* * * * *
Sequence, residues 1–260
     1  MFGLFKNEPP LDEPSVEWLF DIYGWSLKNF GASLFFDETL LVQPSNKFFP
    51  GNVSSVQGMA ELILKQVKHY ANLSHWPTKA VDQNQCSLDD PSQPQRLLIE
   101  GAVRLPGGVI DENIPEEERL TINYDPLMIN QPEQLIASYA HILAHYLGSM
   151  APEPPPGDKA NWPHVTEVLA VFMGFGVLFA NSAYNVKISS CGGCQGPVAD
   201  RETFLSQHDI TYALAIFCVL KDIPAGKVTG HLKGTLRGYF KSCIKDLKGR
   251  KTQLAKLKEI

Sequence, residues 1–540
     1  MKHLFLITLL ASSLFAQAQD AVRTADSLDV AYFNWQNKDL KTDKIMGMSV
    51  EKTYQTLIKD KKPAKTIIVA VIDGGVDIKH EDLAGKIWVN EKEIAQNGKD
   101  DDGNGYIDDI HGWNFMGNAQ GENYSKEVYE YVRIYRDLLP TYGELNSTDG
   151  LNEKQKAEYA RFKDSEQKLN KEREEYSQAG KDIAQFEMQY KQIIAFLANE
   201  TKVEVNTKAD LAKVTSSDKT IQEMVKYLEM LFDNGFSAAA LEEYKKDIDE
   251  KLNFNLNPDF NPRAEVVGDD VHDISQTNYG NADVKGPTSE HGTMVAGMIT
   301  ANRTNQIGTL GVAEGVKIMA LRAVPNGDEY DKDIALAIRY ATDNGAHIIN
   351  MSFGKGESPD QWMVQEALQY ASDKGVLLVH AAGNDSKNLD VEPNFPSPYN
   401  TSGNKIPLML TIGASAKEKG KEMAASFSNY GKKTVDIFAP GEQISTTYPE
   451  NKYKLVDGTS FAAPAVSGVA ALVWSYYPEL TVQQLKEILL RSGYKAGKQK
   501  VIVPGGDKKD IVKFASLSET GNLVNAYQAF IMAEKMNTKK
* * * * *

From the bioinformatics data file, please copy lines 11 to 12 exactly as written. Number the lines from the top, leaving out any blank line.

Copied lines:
   101  DDGNGYIDDI HGWNFMGNAQ GENYSKEVYE YVRIYRDLLP TYGELNSTDG
   151  LNEKQKAEYA RFKDSEQKLN KEREEYSQAG KDIAQFEMQY KQIIAFLANE